My book is a full description of the issues but I’ve also written some posts on this blog, and this is probably the one most relevant for you to read: https://russian.lifeboat.com/blog/2010/06/h-conference-and-faster-singularity

Continue reading “Open Letter to Ray Kurzweil” »

Sep 26, 2010

The problems in our world aren’t technical, but social

Posted by in categories: open source, robotics/AI

If the WW II generation was The Greatest Generation, the Baby Boomers were The Worst. My former boss Bill Gates is a Baby Boomer. And while he has the potential to do a lot for the world by giving away his money to other people (for them to do something they wouldn’t otherwise do), after studying Wikipedia and Linux, I see that the proprietary development model Gates’s generation adopted has stifled the progress of technology they should have provided to us. The reason we don’t have robot-driven cars and other futuristic stuff is that proprietary software became the dominant model.

I start the AI chapter of my book with the following question: Imagine 1,000 people, broken up into groups of five, working on two hundred separate encyclopedias, versus that same number of people working on one encyclopedia? Which one will be the best? This sounds like a silly analogy when described in the context of an encyclopedia, but it is exactly what is going on in artificial intelligence (AI) research today.

Today, the research community has not adopted free software and shared codebases sufficiently. For example, I believe there are more than enough PhDs today working on computer vision, but there are 200+ different codebases plus countless proprietary ones.

Simply put, there is no computer vision codebase with critical mass.

Continue reading “The problems in our world aren't technical, but social” »

May 27, 2010

AI and Driverless cars

Posted by in categories: human trajectories, open source, robotics/AI

I am a former Microsoft programmer who wrote a book (for a general audience) about the future of software called After the Software Wars. Eric Klien has invited me to post on this blog. Here are several more sections on AI topics. I hope you find these pages food for thought and I appreciate any feedback.


The future is open source everything.

—Linus Torvalds

That knowledge has become the resource, rather than a resource, is what makes our society post-capitalist.

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Apr 29, 2009

DIYbio.org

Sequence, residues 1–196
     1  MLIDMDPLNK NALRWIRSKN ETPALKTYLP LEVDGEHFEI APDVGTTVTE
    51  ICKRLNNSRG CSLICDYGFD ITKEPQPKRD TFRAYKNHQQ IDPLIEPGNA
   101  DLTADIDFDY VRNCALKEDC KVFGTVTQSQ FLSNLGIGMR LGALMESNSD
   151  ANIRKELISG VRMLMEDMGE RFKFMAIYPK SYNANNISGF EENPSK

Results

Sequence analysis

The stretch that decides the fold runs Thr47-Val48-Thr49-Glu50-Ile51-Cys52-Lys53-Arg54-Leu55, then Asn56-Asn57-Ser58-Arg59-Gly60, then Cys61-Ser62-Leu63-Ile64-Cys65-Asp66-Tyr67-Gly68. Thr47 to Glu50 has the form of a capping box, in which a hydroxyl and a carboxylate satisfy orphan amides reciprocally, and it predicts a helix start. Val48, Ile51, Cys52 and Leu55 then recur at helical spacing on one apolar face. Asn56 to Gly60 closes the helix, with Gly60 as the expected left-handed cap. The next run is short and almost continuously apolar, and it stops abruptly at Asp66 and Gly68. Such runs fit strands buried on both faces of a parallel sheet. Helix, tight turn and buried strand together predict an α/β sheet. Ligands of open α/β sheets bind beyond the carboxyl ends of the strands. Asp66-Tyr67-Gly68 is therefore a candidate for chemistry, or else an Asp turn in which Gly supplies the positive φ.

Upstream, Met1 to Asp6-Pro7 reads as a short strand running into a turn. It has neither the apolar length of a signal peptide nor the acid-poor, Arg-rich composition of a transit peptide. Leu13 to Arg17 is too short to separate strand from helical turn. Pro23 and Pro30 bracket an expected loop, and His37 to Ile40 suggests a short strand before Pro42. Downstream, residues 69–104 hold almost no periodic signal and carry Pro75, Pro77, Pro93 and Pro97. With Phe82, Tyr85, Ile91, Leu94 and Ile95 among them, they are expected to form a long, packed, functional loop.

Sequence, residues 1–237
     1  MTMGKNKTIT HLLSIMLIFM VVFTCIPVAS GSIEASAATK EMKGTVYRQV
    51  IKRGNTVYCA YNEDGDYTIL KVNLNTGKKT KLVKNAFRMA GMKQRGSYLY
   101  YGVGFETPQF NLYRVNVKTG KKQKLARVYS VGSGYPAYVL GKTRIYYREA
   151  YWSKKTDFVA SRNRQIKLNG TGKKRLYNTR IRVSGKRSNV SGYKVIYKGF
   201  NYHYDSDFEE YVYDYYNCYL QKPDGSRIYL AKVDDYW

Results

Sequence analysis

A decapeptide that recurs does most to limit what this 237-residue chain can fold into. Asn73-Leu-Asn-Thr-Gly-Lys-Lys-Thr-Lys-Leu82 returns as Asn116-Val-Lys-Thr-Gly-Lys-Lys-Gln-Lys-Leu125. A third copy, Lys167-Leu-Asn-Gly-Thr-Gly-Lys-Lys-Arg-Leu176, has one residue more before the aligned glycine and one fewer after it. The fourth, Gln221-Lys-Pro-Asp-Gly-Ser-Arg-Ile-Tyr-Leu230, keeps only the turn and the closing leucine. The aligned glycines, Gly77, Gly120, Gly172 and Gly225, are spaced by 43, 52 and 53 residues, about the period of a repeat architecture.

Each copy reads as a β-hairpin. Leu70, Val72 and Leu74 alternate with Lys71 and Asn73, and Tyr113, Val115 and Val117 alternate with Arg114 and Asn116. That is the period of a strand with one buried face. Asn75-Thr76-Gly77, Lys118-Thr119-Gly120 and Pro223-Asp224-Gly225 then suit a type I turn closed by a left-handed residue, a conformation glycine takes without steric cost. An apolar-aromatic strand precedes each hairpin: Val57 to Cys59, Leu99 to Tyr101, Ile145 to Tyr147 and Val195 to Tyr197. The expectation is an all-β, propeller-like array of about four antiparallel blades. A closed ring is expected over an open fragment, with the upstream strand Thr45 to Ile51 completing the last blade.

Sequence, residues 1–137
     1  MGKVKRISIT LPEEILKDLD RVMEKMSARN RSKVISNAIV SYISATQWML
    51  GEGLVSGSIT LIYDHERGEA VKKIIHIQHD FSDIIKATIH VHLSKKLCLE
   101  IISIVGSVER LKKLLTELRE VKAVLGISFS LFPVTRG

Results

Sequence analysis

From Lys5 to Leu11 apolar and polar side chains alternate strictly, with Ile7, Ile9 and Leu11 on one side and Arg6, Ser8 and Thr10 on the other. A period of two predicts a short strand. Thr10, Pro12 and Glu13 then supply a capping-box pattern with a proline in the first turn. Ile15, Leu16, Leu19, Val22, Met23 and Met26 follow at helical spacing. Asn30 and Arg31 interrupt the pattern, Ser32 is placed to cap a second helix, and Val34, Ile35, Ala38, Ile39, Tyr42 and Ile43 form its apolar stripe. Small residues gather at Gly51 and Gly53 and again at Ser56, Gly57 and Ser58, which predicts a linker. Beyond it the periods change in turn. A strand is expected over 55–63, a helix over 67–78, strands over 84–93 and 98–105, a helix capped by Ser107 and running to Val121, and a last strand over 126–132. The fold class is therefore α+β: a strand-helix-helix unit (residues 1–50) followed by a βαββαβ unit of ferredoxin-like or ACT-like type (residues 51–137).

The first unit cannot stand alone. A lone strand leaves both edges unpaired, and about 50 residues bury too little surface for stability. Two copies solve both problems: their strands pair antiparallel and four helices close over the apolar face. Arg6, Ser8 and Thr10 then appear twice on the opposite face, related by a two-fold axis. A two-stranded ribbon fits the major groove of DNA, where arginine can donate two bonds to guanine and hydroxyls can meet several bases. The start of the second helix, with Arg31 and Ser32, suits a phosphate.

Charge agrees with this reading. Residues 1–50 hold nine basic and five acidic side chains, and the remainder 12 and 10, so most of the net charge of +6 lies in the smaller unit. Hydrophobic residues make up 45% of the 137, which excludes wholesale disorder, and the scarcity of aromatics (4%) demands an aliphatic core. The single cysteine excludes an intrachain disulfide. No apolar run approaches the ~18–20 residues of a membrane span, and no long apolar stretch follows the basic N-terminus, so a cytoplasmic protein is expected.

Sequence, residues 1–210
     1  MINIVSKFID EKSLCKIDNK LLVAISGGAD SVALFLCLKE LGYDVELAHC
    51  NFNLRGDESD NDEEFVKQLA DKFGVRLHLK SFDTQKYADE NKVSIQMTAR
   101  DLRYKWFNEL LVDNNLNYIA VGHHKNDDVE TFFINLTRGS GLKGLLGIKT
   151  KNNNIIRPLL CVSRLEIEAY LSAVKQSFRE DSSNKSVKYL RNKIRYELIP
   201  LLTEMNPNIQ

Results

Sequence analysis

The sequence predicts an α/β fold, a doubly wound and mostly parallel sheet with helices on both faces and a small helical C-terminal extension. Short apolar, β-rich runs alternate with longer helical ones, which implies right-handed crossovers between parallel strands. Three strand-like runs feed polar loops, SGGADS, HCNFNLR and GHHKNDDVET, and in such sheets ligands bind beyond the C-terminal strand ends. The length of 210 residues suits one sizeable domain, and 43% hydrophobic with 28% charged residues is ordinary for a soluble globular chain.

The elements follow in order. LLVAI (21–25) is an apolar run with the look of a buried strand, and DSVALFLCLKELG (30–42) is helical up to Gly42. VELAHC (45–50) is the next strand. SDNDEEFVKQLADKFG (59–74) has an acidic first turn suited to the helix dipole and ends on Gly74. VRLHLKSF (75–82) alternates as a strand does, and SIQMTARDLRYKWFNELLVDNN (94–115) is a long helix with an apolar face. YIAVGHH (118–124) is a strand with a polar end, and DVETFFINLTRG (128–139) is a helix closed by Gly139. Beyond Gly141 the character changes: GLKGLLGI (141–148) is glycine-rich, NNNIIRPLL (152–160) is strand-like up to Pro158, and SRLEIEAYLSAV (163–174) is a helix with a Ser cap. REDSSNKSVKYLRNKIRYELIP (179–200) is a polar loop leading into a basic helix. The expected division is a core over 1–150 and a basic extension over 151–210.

Posted by in categories: biological, biotech/medical, chemistry, education, engineering, ethics, human trajectories, open access, open source

About

DIYbio is an organization that aims to help make biology a worthwhile pursuit for citizen scientists, amateur biologists, and DIY biological engineers who value openness and safety. This will require mechanisms for amateurs to increase their knowledge and skills, access to a community of experts, the development of a code of ethics, responsible oversight, and leadership on issues that are unique to doing biology outside of traditional professional settings.

What is DIYbio in 4 minutes?

Get Involved

You can read about current events and developments in the DIYbio community by reading or subscribing to the blog.

Get in contact or get involved through discussions on our mailing list, or by attending or hosting a local DIYbio meetup.

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Mar 12, 2009

Crowdsourced Women’s Health Books Released by CureTogether

Posted by in categories: biological, biotech/medical, information science, open access, open source

Over 300 Women Share Experiences, Treatments for Painful, Common Chronic Conditions

CureTogether, a Health 2.0 Startup based in Silicon Valley, has released the first crowdsourced books on vulvodynia and endometriosis: two common, poorly understood conditions causing daily pain for millions of women. Assembled from the input of 190 and 137 women living with these respective conditions, “Vulvodynia Heroes” and “Endometriosis Heroes” are the product of an ongoing online research study at http://www.curetogether.com.

“Patients came together and decided what symptoms and treatments they wanted to track. They went on to diligently gather detailed, quantitative data on their bodies and experiences,” said Alexandra Carmichael, co-Founder of CureTogether. “The hope of this book is to spread awareness, reach out to people in pain who may not have heard of endometriosis, and increase interest and funding for future research.”